Each year, at about this time, we pull out the crystal ball and make predictions of the issues affecting broadcasters that will likely bubble up to the top of the FCC’s agenda in the coming year. While we try each year to throw in a mention of the issues that come to our mind, there are always surprises, and new issues that we did not anticipate. Sometimes policy decisions will come from individual cases, and sometimes they will be driven by a particular FCC Commissioner who finds a specific issue that is of specific interest to him or her. But here is our try at listing at least some of the issues that broadcasters should expect from Washington in the coming year. With so many issues on the table, we’ll divide the issues into two parts – talking about FCC issues today, and issues from Capitol Hill and elsewhere in the maze of government agencies and courts who deal with broadcast issues. In addition, watch these pages for our calendar of regulatory deadlines for broadcasters in the next few days.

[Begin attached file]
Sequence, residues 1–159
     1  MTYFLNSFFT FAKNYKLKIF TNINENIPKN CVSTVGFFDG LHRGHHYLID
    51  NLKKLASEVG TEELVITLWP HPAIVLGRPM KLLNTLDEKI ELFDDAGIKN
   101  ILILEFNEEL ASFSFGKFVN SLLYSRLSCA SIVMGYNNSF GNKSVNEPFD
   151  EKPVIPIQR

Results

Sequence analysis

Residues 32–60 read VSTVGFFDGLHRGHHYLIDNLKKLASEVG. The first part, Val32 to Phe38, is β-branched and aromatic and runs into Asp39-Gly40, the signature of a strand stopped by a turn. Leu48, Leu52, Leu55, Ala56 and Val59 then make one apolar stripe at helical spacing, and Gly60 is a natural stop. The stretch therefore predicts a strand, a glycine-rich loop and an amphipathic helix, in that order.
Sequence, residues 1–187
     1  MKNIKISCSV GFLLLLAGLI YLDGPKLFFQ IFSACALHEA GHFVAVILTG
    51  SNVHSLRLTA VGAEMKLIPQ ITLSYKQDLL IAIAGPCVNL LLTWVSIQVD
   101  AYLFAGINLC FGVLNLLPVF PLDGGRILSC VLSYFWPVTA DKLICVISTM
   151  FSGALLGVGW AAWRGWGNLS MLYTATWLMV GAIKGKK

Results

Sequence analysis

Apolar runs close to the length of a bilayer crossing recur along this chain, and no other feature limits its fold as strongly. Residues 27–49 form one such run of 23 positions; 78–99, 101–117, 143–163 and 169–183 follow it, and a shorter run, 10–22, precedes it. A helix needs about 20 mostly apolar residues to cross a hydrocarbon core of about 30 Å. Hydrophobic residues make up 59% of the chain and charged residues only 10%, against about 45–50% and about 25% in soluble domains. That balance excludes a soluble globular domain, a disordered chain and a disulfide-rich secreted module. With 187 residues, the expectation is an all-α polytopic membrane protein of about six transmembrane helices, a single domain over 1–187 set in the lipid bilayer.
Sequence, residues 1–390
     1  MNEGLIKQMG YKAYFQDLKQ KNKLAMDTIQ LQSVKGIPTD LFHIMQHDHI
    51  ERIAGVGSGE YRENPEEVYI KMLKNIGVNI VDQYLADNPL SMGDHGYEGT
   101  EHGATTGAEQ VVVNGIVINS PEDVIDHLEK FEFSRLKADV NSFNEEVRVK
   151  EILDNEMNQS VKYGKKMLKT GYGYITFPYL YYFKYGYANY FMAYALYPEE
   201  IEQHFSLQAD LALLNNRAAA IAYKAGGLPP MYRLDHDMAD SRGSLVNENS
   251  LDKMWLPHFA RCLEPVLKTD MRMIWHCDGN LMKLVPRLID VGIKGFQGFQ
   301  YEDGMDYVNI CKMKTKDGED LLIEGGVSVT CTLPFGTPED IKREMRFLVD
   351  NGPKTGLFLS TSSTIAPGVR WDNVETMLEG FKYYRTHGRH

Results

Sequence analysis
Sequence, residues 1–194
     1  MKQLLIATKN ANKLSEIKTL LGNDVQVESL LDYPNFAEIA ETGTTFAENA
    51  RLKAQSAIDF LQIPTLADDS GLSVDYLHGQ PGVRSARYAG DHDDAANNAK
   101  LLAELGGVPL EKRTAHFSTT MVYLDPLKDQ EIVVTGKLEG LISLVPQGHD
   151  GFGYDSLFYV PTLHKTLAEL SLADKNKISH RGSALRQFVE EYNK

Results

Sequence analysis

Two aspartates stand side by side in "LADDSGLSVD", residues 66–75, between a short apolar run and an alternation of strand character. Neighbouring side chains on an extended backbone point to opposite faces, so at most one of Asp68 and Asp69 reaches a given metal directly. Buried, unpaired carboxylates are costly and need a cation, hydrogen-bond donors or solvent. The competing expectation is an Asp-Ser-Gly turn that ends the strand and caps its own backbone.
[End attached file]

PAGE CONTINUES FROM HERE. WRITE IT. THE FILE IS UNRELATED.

So here are some issues that are on the table at the FCC – starting first with issues affecting all stations, then on to TV and radio issues in separate sections below.
General Broadcast Issues
There are numerous issues before the FCC that affect both radio and television broadcasters, some of which have been pending for many years and are ripe for resolution, while others are raised in proceedings that are just beginning. These include:
Multiple Ownership Rules Review: In April, the FCC finally addressed its long outstanding Quadrennial Review of the broadcast multiple ownership rules – essentially by punting most of them into the next Quadrennial Review, which probably won’t be resolved until 2016. Issues deferred include any revisions to the local ownership limits for radio or TV (such as loosening the ownership caps for TV stations in smaller markets, which the FCC tentatively suggested that they would not do), any revision to the newspaper-broadcast cross-ownership rule (which the FCC tentatively suggested that they would consider – perhaps so that this rule can be changed before the newspaper becomes extinct), and questions about the attribution of TV Shared Services Agreements (which the FCC is already scrutinizing under an Interim Policy adopted by the Media Bureau).
Continue Reading What Washington Has in Store for Broadcasters in 2015 – Part 1, What’s Up at the FCC